Yes, minister, but where's the job?

David Hunt may have invited members of the public to serve on quangos, but trying to join the `great and the good' can be a nightmare, as Angela Lambert found out
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The Independent Online
Until now, quangos (quasi-autonomous non-government organisations) have been about as penetrable to the ordinary citizen as the Hungarian secret police, unless you belonged to the right party and had influential friends. But on Monday, ordinary members of the public were invited to serve. "Anyone who feels they have something to contribute should feel able to nominate themselves," David Hunt said.

Sensing an opportunity, I set about proposing myself. Reader, learn from my experience: it is not easy. You need to be as tenacious as a limpet and, even if you persist, there is only about one chance in 500 that you may be accepted to serve on these mysterious bodies.

In theory, anyone can apply to the Public Appointments Unit (Horse Guards Road, London SW1P 3Al, tel: 0171-270 6217). In practice, the Tories decide who sits on them since, until recently, Labour offered no nominees. Conservative MPs and the Whips' Office are the main sources of patronage and more than 43,000 posts, including some high-salaried jobs, are in their gift.

"I became chairman," admits Sir Derek Barker who heads the Countryside Commission, "as a consequence of sharing a cab with a stranger. Another quango chairman was appointed after a pheasant shoot at which the Secretary of State was a fellow gun. The subsequent chairman of a water authority bumped into a cabinet minister while birding on a Greek island. It is a splendidly capricious and British way of doing things. I am advised that the success-failure rate is about the same as when headhunters are engaged."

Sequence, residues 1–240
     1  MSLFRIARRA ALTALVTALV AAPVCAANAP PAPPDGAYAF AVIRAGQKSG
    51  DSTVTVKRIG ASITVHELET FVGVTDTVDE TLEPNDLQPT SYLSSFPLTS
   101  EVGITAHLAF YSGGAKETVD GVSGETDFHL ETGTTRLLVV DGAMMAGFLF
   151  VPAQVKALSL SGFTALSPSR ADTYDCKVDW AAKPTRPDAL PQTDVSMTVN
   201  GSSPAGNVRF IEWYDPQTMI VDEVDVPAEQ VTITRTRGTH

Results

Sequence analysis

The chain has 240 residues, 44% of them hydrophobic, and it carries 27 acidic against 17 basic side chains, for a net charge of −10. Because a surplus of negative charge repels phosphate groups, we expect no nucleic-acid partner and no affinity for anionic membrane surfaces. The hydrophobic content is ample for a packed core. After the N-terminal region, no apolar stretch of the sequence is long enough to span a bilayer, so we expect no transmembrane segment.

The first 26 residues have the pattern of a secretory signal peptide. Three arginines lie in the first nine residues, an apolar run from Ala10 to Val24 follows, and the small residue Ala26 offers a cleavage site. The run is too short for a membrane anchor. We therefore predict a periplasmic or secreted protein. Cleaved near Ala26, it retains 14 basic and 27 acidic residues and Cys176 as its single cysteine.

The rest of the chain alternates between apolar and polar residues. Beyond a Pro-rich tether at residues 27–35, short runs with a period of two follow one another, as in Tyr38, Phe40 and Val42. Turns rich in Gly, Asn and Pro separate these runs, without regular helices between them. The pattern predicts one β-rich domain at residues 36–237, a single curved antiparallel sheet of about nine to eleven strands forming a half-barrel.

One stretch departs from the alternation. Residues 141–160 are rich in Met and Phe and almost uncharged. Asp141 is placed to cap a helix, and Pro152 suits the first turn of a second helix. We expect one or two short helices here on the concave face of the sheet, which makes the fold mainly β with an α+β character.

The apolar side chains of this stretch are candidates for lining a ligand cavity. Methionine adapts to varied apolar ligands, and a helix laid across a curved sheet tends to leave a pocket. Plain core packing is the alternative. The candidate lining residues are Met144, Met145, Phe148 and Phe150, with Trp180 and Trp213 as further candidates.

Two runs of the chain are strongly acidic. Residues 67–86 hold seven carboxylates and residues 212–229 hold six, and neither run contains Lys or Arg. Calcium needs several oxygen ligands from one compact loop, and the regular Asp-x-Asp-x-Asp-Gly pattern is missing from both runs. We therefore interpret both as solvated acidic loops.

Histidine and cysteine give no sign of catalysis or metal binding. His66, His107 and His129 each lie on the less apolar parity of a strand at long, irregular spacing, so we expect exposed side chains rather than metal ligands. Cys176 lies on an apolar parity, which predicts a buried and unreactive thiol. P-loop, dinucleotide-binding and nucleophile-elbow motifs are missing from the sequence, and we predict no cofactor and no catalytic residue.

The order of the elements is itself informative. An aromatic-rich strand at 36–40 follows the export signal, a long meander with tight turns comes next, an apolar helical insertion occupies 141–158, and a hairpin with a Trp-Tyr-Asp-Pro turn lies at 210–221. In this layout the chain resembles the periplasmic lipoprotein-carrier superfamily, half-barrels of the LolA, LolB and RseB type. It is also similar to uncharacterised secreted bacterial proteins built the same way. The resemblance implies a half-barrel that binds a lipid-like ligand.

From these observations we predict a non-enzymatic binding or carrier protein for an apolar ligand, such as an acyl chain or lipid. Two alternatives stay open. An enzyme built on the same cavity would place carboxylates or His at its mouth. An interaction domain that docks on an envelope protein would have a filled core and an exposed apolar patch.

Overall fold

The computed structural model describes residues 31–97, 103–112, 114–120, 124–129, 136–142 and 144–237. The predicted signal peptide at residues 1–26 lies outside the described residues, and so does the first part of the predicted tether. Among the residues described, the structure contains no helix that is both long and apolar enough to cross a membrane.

It also helps to be married to an MP. The wives of Bob Dunn, Tory MP for Dartford, Teddy Taylor, John Biffen, Cranley Onslow, and Gillian Shephard's husband, all serve on quangos, as do another 20 or so MPs' spouses, none of whom is Labour.

Quangos have acquired enormous power in the past 20 years, dangerous power, because it is unknown, not monitored, and is exercised by unelected people answerable only to those who put them there. They meet in secret, dispense huge budgets (soon they will control £54bn, about one-fifth of public expenditure) and make far-reaching decisions.

The process of self-nomination that David Hunt urged is little used, and - as I found - so demanding that few persist. Before I could apply, I had to discover what quangos exist, their functions, addresses and telephone numbers. None of this was simple. Eventually I tracked down an HMSO publication (ISBN no: 0 11 430077 1; price £12) entitled Public Bodies 1993 - the Bible for the would-be quangocrat.

This publication lists 1,389 "non-departmental public bodies" (it calls quangos NDPBs) under the departments to which they report; the number of members, their sex and salaries. About 28 per cent of quangocrats are female, and 2.3 per cent come from ethnic minorities. About 37 per cent are paid in addition to their expenses, and about 170 earn more than £50,000 a year.

I scanned the index for quangos that might allow me to join. Some are obscure but tempting. The Welsh Office has a Place Names Advisory Committee that I'd love to be on, but it has only £1,000 to spend and a chairman whose salary is a mere £250. It seemed unlikely to need me. The same goes for the Scottish Office's Red Deer Commission whose chairman earns a £17,472 pa. The 12 members are all male, and I know little about red deer. I fear I shall never lend a hand on the Salmon Advisory Committee.